Migraine sufferers often suffer from gastric stasis, and it’s all down to a disruption in brain signals – as too is the occurrence of migraine auras. Normally the brain sends signals to the stomach and intestines telling the muscles to move, but doctors believe that migraines disrupt these signals.

Gastric stasis is not usually diagnosed via formal tests, but rather by reporting of symptoms to a medical professional – although formal tests such as a CT scan or an endoscopy may be performed to rule out any other causes.

Should you be diagnosed with gastric stasis, or suspect that it may be the cause of your migraine nausea, there are some things you can do to help relieve the nausea.

Eating four to five smaller meals a day rather than three bigger ones, and these meals consisting of softer foods that are easier to digest can help with the effects of gastric stasis. Cutting back on foods which are high in fat, foods which are too high in fibre, and avoiding fizzy drinks can help as well. As for medications to relieve the effects, your doctor may choose to prescribe you anti-nausea medication and drugs which can help the stomach to empty more quickly.

Why Does Vomiting Help to Relieve Migraines?

Why Does Vomiting Help to Relieve Migraines?

Approximately 70% of migraine sufferers experience vomiting as part of their migraine attacks. In fact, childhood migraines can involve only nausea and sickness; with no head pain at all. It may sound strange, but of the migraine sufferers who vomit as part of their migraine attacks, many find that they feel better after vomiting. Why is this?

There isn’t a lot of research into this aspect of migraine pain relief, but of what there is, a review paper from 2013 summarises some possible reasons why vomiting can bring migraine headache relief. 

One theory is that being sick triggers the release of chemicals which ease pain within the body. This theory is supported by a study from 1986 which suggested that vomiting triggers the release of endogenous opioids – these being endorphins which ease feelings of pain.

Another theory is that throwing up could somehow interact with the vagus nerve of the parasympathetic nervous system in a way that relieves pain. Vagus nerve stimulation, as well as being able to induce vomiting, can also relieve migraine headache pain, and some doctors now use vagus nerve stimulation implants to relieve pain in those sufferers who experience chronic migraine headaches.

Two more theories are that vomiting may change the blood flow in the body in such a way that pain or inflammation is reduced, or that, since vomiting happens towards the end of a migraine attack, it may simply be the beginning of the reduction of migraine symptoms.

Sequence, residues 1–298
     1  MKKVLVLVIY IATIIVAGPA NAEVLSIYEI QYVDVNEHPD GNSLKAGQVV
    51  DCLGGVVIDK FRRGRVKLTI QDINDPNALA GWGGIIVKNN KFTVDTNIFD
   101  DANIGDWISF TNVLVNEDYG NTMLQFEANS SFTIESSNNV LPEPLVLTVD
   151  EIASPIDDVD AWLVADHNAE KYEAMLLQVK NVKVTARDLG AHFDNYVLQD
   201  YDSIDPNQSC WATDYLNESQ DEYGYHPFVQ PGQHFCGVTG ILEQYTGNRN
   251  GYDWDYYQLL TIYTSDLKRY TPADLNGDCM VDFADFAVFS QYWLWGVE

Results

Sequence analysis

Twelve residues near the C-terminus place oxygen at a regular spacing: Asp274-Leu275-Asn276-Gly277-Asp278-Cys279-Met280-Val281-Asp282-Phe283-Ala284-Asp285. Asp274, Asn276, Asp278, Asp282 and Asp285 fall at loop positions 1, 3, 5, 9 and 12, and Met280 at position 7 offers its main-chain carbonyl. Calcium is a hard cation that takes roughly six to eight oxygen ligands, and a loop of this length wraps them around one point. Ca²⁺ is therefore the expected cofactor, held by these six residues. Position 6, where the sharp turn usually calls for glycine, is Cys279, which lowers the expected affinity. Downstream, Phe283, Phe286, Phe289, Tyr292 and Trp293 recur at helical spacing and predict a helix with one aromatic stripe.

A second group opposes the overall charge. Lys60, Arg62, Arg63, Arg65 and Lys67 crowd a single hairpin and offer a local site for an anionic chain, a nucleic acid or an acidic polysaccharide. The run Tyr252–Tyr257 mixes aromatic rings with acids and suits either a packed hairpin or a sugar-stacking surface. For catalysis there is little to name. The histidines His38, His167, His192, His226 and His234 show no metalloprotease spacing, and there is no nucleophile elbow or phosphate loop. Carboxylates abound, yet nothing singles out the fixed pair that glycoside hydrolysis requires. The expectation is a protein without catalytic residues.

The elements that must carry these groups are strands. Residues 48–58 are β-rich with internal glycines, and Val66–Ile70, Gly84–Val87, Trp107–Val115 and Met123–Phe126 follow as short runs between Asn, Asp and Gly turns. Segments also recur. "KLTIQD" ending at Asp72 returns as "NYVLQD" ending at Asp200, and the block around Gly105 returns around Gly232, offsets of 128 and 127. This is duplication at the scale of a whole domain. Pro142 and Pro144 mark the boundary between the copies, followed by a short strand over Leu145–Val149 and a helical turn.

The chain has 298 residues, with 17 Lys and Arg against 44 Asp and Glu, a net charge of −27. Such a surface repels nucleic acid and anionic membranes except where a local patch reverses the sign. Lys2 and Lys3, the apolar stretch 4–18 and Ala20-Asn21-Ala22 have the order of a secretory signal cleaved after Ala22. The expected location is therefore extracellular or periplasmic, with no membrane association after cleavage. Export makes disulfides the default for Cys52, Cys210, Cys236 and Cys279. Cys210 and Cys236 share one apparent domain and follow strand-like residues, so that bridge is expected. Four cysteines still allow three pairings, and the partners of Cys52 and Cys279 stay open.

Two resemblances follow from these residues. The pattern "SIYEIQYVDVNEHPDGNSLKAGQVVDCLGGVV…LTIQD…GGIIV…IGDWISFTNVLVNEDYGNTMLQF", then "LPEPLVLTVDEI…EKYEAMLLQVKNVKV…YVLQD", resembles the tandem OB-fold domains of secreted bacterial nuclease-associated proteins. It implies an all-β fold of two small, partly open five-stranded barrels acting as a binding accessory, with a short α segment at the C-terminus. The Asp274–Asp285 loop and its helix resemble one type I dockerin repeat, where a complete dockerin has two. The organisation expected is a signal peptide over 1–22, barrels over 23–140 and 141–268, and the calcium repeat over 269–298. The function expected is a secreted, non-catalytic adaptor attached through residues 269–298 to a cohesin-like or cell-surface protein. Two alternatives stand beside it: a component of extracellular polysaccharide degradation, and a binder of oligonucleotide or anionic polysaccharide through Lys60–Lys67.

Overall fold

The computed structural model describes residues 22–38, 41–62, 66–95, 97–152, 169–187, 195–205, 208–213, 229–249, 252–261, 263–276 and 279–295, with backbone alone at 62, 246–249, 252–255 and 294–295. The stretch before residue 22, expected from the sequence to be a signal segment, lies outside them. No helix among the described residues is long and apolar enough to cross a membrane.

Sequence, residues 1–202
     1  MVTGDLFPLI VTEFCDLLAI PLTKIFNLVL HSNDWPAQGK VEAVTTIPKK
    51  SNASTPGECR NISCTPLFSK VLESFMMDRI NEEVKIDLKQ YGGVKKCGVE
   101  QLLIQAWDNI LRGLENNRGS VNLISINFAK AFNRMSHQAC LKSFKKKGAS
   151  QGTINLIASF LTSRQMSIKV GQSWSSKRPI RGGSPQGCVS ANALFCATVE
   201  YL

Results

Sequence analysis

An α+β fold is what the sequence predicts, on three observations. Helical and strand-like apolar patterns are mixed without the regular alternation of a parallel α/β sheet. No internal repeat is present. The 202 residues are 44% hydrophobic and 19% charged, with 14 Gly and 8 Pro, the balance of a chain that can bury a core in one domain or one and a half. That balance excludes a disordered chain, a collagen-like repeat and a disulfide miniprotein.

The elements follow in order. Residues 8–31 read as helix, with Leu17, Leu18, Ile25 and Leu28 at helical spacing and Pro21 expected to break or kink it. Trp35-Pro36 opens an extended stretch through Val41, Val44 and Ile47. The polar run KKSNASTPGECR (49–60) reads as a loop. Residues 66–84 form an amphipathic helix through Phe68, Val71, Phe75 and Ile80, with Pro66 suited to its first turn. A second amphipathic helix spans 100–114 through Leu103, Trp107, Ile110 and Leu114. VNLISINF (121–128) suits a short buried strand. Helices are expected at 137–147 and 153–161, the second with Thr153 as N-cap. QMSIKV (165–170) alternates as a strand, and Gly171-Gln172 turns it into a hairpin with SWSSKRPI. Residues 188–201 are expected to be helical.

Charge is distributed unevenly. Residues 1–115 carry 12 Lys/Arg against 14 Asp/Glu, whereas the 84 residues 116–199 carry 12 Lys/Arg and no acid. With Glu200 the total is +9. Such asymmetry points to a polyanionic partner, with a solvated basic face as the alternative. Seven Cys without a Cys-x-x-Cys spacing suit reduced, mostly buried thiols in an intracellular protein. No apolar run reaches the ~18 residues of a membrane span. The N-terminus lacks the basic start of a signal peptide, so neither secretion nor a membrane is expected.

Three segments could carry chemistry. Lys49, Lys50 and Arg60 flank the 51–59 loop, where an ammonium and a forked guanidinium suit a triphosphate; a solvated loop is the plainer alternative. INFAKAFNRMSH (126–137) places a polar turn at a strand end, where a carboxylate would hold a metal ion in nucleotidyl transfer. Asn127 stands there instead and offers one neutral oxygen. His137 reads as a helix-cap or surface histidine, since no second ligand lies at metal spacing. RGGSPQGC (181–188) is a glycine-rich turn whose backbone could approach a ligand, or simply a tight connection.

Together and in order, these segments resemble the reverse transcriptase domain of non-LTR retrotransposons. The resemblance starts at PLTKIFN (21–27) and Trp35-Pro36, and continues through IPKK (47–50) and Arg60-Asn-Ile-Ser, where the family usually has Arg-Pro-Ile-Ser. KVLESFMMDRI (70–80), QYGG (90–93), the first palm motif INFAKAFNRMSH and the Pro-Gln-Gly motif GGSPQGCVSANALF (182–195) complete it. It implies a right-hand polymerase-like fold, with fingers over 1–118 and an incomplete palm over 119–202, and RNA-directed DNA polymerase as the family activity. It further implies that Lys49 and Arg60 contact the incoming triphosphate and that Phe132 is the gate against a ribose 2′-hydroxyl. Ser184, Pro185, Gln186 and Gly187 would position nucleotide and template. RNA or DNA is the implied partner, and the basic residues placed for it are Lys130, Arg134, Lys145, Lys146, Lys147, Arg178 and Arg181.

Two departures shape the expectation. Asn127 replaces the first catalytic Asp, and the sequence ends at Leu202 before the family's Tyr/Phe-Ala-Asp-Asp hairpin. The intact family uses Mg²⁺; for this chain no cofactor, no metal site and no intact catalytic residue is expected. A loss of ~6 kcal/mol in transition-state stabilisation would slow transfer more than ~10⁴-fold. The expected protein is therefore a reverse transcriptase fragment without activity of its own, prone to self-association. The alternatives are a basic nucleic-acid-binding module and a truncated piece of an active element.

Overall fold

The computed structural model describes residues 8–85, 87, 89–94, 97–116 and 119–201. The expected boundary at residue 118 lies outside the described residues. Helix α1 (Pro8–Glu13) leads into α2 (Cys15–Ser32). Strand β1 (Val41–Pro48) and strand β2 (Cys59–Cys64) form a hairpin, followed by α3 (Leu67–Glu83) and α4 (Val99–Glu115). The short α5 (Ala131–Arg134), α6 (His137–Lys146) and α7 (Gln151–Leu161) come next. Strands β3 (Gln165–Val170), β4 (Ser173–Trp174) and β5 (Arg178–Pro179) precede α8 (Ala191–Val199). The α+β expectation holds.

The Calcium-Magnesium-Migraine Link

The Calcium-Magnesium-Migraine Link

We all know that vitamins and minerals are a vital part of a healthy diet, but with migraine sufferers some of them can have a huge impact on the frequency and severity of their migraine attacks. Calcium and magnesium are two such minerals.

A 2021 cross-sectional study investigated the relationship between severe headache or migraine and the daily intake of calcium and magnesium. The study, which involved almost 11,000 American adults, found that having a high dietary intake of magnesium and calcium was linked to being less likely to suffer from migraines.

Women who had a high dietary intake of magnesium or calcium, either one or both, were inversely associated with migraine, while men who had a high dietary intake of calcium were inversely associated with migraine – magnesium levels having no impact on migraine likelihood for them.

The reason that higher magnesium levels seemed to help women avoid migraines and not men may have something to do with the menstrual cycle. In past studies, women who suffered from menstrual migraines and who were given magnesium supplements found that their migraine pain and the number of headache days was reduced, and that the impact of premenstrual complaints were reduced.

Studies have been conducted in the past exploring the effects of mineral supplements on migraines, but this study was looking purely at the intake which came via normal diet. The researchers found that the migraine sufferers had daily intakes of calcium and magnesium that were significantly lower than the recommended daily allowance.

The investigators focused on natural intake as, although supplements can help to boost low mineral levels, supplements can also cause nausea, stomach pain, and diarrhoea. It’s for this reason that it can be best to try and eat foods which are naturally high in calcium and magnesium rather than to rely on supplements.

However, though boosting magnesium and calcium levels appears to be a positive move for migraine sufferers, further longitudinal studies are needed to establish whether the link between migraines and low magnesium and calcium levels is causal or not.